The subseries contains memoranda, procedures, minutes and agendas. Arranged alphabetically, it spans the years 1971-1973. The files focus on the informal and public meetings held jointly by the Chancellor and the Board of Education. The records also include a small number of more specialized meetings such as the Finance Committee meeting. The papers contain meetings by specific dates, attendance lists, and agenda items. The files reveal the workings of the meetings in handling the issues facing the Board including redistricting, budgeting, special programs and appeals.

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Subseries IV: Model Cities Program (1970-1973), .75 cubic feet

The subseries contains correspondence, memoranda, proposals and reports. Arranged alphabetically, it spans the years 1970-1973. Reference materials from the 1960s are included. The files focus on the federal Department of Health, Education and Welfare program to encourage change in socially blighted areas. Three areas were designated in New York City - Central Brooklyn; Harlem-East Harlem; South Bronx. The program, run through the Mayor’s Model Cities Office, provided funding for various Board of Education plans to help disadvantaged children and young adults. The records encompass many of the Boards proposals including after-school tutoring, adult education, parent training, dropout prevention, and occupational training. The papers also contain a set of HEW files including official compliance forms, application forms and federal programs such as Urban/Rural Development and ESEA.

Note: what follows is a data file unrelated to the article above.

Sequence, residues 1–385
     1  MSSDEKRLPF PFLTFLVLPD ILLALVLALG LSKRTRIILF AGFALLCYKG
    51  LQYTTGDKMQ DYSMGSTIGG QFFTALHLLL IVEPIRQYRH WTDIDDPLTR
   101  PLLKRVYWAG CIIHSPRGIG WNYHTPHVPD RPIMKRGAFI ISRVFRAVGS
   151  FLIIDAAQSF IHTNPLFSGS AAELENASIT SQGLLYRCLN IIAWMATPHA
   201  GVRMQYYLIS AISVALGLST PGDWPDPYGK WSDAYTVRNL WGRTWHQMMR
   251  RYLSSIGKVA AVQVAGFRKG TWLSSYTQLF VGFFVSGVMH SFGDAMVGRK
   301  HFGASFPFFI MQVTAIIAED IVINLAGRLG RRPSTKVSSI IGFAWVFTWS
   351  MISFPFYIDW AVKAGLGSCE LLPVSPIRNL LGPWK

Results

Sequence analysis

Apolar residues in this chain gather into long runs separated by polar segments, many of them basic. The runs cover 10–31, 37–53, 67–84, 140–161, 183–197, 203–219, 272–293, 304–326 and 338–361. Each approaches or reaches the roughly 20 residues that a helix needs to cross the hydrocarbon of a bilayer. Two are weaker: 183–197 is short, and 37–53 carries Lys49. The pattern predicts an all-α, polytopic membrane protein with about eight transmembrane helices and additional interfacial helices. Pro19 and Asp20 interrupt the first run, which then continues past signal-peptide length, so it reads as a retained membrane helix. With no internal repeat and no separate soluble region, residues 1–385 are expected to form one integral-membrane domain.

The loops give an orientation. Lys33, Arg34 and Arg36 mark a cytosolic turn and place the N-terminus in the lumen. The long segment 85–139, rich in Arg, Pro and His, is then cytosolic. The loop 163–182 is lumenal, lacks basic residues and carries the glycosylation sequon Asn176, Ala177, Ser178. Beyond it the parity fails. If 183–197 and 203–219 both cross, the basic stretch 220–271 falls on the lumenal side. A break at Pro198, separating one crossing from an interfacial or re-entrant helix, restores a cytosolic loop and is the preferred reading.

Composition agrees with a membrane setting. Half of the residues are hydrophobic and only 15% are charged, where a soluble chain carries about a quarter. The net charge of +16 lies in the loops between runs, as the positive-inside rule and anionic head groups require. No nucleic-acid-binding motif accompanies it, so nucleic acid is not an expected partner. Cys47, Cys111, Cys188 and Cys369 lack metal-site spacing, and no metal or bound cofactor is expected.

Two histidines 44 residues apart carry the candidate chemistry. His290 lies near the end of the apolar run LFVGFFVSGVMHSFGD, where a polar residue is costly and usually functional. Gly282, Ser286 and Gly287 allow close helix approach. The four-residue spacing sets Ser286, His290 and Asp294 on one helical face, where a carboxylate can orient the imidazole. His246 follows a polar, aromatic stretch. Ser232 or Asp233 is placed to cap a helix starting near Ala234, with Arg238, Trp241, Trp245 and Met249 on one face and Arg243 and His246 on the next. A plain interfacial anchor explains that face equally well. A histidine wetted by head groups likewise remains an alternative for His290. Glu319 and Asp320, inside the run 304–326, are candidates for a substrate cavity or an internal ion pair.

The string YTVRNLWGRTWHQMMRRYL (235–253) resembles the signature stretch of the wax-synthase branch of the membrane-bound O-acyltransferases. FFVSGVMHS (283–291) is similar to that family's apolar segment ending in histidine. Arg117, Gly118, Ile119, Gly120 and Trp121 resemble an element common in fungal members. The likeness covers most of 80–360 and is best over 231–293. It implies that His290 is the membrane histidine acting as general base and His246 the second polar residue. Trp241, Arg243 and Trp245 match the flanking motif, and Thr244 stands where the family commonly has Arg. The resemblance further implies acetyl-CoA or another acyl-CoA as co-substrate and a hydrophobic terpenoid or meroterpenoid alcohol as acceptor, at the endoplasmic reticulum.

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Subseries V: Budgets (1970-1973), 2.5 cubic feet

The subseries contains memoranda, correspondence, reports, audits, computer printouts and printed materials. Arranged chronologically by fiscal year, it spans the years 1970-1973. The files reflect the interactions between the school board and the city of New York over yearly funding. The papers encompass meetings with city officials, committee hearings and public hearings. The records also contain expense, capital and city budgets. The documents include discussions on budget deficits, requests for budget increases, state aid reductions and allocations of existing funds. Some budgetary materials are oversized, so have been removed from the regular files and placed together in Box 20.